Following circuit looks like a low cost solution.  Wire several keys in parallel as shown to make a voltage divider.  Find suitable values for the resistors RA, RA+, RB, RC such that any combination of closed switches is are unique, and that the order of output voltages for all combinations  doesn't change given silver band resistors.  Following is j code executable Iverson notation to solve the problem.  This scenario would require power supply and ground wires to the keyboard, and also a long wire to measure Vout for every 4 keys.  The resistances, divided by some power of 10, are 10 22 47 100 ohms, R1 does not change the order of output voltages for combinations of notes played.  I chose R1 as 24*10^n ohms for no other reason than that it is the harmonic mean of the others.  To wire 8 keys together use a factor of 3 between the resistances of the parallel resistors.  Connect the key groups to the analog inputs  of the Arduino board.  Calibration requires each key played once.  Needn't play all possible chords!

The software to produce sound doesn't appear difficult.  Using ubuntu linux distribution and the alsa sound driver, I recorded my favorite instrument playing the notes using the arecord program.  (One note is enough.  audacity can generate other frequencies with same envelope shape.)  Then I can play multiple tones using aplay --channel=# tone.wav in the background.  There are 16 channels which is far more than the audience will be able to distinguish.
Code:
Note 'circuit diagram for 4 keys'

V+ +----------+----------+----------+----------+-------o
   |          |          |          |          |
   |          \          \          \          \
   |          o o        o o        o o        o o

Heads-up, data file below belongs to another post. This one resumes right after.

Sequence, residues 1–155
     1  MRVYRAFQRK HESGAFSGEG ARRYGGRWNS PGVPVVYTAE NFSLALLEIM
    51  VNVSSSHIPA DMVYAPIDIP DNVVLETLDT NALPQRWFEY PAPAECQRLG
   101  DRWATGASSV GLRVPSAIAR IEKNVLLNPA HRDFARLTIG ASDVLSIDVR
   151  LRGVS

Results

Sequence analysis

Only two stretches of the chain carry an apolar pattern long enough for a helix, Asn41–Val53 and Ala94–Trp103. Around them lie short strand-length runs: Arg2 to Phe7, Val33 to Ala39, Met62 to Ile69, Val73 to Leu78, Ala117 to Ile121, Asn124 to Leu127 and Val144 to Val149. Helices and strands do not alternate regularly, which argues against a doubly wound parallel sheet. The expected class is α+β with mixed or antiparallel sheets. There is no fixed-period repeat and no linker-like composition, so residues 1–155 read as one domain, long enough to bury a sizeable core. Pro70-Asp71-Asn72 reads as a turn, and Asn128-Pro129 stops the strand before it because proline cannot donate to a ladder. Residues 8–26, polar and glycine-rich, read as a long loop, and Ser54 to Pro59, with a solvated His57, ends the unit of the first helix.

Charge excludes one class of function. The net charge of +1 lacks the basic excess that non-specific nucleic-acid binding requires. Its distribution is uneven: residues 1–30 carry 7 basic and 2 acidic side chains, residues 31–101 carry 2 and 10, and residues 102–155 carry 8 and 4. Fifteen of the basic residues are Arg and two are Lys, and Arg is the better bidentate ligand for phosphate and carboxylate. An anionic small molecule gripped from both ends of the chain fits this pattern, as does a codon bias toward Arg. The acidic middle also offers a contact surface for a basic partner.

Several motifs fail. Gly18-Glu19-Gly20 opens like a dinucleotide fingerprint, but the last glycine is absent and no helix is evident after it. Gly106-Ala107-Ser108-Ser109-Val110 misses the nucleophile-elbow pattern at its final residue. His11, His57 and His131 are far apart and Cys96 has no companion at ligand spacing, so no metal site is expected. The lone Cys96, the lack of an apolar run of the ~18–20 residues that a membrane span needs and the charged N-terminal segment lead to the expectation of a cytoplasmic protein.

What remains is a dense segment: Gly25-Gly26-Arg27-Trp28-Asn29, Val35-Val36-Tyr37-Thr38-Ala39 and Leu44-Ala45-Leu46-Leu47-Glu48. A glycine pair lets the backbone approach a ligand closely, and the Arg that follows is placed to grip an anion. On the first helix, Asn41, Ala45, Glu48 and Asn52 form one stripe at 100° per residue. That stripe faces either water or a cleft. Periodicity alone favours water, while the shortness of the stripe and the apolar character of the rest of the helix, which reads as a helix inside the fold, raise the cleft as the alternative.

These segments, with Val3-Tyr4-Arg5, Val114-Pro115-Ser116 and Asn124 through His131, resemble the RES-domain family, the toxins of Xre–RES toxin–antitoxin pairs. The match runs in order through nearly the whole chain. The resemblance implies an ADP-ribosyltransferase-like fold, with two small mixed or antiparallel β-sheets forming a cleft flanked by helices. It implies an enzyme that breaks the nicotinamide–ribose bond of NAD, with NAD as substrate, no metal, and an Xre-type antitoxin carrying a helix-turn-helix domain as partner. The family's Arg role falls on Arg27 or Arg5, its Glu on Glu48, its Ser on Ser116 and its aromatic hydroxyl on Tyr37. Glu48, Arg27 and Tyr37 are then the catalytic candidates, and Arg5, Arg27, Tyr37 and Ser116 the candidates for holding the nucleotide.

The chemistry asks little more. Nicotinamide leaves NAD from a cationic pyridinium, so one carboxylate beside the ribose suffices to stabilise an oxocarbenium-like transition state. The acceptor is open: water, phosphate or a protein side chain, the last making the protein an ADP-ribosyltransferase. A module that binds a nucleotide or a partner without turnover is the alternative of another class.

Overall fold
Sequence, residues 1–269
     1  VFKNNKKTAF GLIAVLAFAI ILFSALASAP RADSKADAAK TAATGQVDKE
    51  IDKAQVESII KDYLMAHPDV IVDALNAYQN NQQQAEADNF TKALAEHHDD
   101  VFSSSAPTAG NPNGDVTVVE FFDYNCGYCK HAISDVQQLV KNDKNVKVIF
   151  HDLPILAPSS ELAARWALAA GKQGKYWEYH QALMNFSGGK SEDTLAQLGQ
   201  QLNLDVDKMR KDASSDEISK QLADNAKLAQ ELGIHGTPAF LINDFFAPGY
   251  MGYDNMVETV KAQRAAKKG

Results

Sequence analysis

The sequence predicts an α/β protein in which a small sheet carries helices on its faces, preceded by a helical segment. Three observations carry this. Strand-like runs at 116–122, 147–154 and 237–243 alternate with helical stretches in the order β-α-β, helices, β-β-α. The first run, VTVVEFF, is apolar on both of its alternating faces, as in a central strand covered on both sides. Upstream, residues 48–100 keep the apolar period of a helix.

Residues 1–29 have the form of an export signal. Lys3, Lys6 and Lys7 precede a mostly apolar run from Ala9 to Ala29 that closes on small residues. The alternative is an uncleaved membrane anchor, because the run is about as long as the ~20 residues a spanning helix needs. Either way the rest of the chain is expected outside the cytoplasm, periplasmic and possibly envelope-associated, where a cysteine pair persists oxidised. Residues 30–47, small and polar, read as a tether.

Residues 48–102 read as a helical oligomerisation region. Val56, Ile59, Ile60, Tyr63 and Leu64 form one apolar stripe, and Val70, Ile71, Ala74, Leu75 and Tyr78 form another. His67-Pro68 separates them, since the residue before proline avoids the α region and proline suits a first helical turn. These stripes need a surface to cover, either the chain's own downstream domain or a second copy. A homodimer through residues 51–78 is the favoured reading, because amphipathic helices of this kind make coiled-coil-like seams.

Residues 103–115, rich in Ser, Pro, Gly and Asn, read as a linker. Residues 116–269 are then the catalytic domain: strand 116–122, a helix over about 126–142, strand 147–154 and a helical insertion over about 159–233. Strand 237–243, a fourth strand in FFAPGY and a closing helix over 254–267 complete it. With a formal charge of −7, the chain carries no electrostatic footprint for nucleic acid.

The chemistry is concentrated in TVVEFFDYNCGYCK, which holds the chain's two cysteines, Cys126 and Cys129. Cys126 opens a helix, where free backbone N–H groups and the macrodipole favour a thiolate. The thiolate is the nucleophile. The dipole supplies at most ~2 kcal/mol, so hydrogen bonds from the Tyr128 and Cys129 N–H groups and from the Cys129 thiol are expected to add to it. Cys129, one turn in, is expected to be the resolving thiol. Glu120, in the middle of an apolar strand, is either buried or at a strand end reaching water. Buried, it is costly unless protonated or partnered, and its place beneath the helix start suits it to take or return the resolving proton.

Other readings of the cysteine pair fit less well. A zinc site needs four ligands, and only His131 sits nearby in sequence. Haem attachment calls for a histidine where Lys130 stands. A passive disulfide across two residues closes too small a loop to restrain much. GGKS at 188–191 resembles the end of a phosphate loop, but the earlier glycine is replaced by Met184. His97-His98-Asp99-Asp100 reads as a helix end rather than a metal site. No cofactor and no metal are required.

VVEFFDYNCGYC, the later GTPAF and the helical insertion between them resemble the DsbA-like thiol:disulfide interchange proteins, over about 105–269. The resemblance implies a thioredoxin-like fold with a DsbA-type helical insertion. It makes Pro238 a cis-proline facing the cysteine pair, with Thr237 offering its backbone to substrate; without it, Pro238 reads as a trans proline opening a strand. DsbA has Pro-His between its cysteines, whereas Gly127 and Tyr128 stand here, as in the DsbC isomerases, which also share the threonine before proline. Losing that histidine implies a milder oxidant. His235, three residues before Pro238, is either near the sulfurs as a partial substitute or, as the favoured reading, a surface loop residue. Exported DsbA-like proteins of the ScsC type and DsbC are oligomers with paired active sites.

|          |          |          |          |
   |           \          \          \          \
  ---      RA  /     RA+  /      RB  /      RC  /
V  -          \          \          \          \       V+
  ---          /          /          /          /
   -          |          |          |          |
   |          +----------+----------+----------+---o
   |          |
   |           \
   |       R1  /
   |          \                                  Vout
   |           /
   |          |
 0 +----------+------------------------------------o---o
   |
 -----
  ---
   -
)

mean=: +/ % #
gm=: */ ^ %@:#                          NB. geometric mean
hm=: # * +/&.:%                         NB. harmonic mean

BANDS12=: 10 11 12 13 15 16 18 20 22 24 27 30 33 36 39 43 47 51 56 62 68 75 82 91x
BAND3=: 10x^i.4
STANDARD_RESISTANCES=: BANDS12 */~ BAND3
R=: , STANDARD_RESISTANCES

s=: +        NB. serial resistor
p=: +&.:%    NB. parallel resistor
p=: +/&.:%   NB. parallel resistors

switches=: >@:,@:{@:([: <"1 (_&,.))
pers=: parallel_equivalent_resistances=: p/"1@:switches

voltage_divider=: 0&$: : ([ % (s pers)) NB. R0 voltage_divider RPi


round=: 0&$: :(4 : '<.@:(0.5&+)&.:((10^x)&*) y')

vout=: ($:~ round@:hm) : voltage_divider

spread=: ((*"1) (1 + 1r10 * _1 + [: +: [: #: [: i. 2 ^ #))"1

all=: *./

resistances=: 4&$: : (R {~ (*  i.)~)

f=: (4&$: : ([: all 2 -:/\ [: /:@:vout"1 [: spread resistances))"0


Note 'solution'
   1 i.~ f i.12
8
   NB. Vout to Vsupply ratios for switch combinations
   ((3 round 24&vout) ,. switches) resistances 8
    0  _  _  _   _
0.194  _  _  _ 100
0.338  _  _ 47   _
0.429  _  _ 47 100
0.522  _ 22  _   _
0.571  _ 22  _ 100
0.616  _ 22 47   _
0.648  _ 22 47 100
0.706 10  _  _   _
0.725 10  _  _ 100
0.744 10  _ 47   _
0.759 10  _ 47 100
0.777 10 22  _   _
0.789 10 22  _ 100
  0.8 10 22 47   _
0.809 10 22 47 100
)